The reopening of classrooms across the country may look very different, as 1 in 5 teachers say they will not return to the classroom if schools reopen in the fall, a new poll has found.
The number is even higher among teachers 55 and older, with one in four saying they should not foresee themselves in front of young minds in the coming months. According to the USA Today / Ipsos poll Released on Tuesday, it voted 505 teachers from kindergarten through high school.
“As our world has changed, everything we do, including how we view and access education, has changed,” said Ipsos president Chris Young.
“Although Americans are optimistic about the return of private learning, there is great anger among teachers, parents and the United States about how to keep our schools safe if the virus is not completely present.”
In addition, 83 percent of the teachers who voted said they had difficulty in their current jobs, and two-thirds said they were unable to work properly since they began teaching at a distance.
Ohio High School teacher Andy Brown, 43, told the newspaper: “For the first time… these last three months I’ve been working on a job and doing this to get a paycheck.
“The level of engagement with the students is not there. This is the reason I embark on this career – to see and feel the connection and engagement and their enthusiasm.”
New teachers reported having a harder time with distance learning than their more experienced peers – a poll found that 60 percent of those with less than five years of work were not well-versed in their new reality.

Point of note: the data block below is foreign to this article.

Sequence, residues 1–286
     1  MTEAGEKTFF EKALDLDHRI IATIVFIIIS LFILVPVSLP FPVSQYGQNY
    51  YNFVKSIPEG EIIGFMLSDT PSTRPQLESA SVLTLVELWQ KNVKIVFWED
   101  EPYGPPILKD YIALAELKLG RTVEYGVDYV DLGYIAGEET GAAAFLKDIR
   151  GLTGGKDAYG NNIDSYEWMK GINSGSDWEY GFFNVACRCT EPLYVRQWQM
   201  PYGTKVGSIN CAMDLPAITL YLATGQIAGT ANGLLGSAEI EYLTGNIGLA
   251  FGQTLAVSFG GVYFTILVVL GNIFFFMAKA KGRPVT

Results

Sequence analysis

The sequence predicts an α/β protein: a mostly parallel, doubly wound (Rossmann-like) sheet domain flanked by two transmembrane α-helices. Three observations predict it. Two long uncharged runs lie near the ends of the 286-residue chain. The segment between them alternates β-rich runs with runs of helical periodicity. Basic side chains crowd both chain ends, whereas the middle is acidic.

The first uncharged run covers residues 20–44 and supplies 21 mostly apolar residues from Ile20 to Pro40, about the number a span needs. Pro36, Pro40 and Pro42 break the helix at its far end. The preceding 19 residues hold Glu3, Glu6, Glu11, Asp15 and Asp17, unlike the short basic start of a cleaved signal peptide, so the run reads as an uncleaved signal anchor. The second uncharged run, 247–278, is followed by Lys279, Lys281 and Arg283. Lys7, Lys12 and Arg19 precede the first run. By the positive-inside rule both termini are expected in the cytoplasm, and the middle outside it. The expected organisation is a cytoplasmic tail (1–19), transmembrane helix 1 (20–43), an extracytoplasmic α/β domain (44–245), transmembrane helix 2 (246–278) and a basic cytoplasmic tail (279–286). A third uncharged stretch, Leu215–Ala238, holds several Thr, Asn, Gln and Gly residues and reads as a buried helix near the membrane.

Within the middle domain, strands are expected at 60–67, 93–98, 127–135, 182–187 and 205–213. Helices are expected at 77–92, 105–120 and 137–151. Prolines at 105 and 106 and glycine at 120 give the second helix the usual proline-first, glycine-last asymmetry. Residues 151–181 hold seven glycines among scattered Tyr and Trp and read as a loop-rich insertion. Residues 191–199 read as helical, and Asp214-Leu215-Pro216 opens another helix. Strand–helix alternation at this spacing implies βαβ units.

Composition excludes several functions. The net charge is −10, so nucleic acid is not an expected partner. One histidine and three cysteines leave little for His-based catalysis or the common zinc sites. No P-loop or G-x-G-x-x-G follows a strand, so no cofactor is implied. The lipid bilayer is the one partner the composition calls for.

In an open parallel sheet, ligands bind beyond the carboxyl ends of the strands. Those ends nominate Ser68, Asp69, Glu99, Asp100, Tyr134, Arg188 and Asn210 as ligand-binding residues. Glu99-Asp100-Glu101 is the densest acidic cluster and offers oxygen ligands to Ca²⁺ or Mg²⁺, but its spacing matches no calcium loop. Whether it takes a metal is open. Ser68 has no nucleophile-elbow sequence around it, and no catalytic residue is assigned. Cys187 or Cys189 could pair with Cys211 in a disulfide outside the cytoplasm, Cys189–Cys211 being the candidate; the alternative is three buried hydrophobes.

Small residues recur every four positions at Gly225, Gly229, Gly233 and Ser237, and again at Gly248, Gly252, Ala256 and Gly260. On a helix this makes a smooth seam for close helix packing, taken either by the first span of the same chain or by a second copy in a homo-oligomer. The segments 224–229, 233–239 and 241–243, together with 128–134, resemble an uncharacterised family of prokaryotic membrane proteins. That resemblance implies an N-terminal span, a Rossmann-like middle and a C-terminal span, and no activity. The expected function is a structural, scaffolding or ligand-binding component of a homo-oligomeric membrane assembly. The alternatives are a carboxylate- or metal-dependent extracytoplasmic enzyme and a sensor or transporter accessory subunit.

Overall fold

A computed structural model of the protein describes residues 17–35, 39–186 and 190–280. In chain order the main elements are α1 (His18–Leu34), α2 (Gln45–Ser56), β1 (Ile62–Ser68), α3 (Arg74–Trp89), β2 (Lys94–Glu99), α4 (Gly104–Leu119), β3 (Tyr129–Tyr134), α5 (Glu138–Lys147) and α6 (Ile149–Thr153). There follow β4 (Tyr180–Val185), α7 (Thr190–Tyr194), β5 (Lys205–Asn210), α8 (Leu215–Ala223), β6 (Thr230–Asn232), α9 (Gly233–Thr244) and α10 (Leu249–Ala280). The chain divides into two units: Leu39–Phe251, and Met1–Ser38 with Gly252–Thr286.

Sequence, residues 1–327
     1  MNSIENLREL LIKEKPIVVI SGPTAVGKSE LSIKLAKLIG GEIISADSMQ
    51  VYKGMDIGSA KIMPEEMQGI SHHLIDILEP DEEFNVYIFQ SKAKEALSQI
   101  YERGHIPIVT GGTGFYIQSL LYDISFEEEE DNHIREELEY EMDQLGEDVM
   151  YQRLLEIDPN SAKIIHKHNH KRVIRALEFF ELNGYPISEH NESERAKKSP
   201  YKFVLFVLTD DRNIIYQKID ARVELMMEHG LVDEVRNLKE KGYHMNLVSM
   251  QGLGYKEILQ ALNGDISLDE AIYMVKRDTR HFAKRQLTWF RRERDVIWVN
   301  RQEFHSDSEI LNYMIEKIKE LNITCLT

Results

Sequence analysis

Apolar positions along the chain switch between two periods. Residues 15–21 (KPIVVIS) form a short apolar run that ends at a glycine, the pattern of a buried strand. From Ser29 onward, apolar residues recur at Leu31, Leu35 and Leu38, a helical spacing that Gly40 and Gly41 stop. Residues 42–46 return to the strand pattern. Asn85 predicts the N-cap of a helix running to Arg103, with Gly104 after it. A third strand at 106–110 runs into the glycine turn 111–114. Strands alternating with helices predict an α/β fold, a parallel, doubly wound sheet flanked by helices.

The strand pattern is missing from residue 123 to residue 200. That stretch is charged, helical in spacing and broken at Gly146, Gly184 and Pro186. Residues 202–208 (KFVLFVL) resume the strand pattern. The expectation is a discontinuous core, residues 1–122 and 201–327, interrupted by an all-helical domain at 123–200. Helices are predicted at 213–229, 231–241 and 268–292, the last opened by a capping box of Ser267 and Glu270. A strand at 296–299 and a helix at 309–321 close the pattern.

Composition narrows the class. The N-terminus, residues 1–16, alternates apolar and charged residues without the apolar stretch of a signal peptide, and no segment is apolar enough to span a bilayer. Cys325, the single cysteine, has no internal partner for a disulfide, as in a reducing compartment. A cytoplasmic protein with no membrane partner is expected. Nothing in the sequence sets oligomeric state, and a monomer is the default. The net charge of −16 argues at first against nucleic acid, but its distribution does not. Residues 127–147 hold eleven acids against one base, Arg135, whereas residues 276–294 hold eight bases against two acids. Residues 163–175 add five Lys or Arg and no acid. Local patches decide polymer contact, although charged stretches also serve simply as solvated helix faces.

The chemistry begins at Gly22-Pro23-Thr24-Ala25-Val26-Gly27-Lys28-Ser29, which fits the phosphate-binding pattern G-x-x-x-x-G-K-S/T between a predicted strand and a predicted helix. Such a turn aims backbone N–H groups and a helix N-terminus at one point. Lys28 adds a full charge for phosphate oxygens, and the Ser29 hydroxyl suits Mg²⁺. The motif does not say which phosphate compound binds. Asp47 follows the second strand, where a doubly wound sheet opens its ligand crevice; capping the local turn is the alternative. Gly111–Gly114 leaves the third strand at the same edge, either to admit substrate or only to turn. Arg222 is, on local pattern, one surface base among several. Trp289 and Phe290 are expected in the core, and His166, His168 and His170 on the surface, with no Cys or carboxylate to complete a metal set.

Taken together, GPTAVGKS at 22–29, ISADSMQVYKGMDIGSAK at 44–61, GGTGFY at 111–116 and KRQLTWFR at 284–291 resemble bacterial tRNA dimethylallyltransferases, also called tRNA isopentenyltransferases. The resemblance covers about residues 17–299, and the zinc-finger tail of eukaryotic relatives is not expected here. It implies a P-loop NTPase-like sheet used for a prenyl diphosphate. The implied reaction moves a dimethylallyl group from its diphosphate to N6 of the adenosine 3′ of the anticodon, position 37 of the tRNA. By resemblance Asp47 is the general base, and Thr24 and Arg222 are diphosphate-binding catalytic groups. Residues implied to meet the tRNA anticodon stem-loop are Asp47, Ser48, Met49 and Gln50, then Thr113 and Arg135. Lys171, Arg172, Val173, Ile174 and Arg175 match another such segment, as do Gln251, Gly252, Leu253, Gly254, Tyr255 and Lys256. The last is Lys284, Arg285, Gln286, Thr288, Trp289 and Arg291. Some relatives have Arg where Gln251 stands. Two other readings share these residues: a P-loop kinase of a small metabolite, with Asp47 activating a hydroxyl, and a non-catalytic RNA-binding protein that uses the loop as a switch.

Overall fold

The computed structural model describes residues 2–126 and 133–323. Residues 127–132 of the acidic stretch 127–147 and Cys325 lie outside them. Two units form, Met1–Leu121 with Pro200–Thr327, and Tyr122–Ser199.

In a parallel poll of 403 parents of students from kindergarten to high school, 52 percent of parents felt that teachers had difficulty learning distance.
However, USA Today reported that a “significant share” of teachers and parents who voted – or about 40 percent – oppose returning to classrooms before finding a coronavirus vaccine.
Nearly one-third of parents said it was “very possible” to consider options at home, instead of sending their children to reopened classrooms.
Of the possible solutions, two-thirds of teachers and parents support the idea of teaching in class three days a week. The same part of both groups supports the notion that teachers should be at a higher risk of contracting COVID-19 to continue teaching online, the survey found.
The survey of teachers and parents had confidence intervals – such as margin of error – plus or minus 5 and 5.6 percentage points, respectively.
Some teachers expressed concern about maintaining proper social distance and wearing masks at children’s schools, saying that 8 out of 10 educators expect to wear them when they return.
“Being 6 feet apart is difficult for adults, it’s even more difficult for kids,” Pennsylvania elementary school teacher Andrea Rodriguez, 23, told USA Today.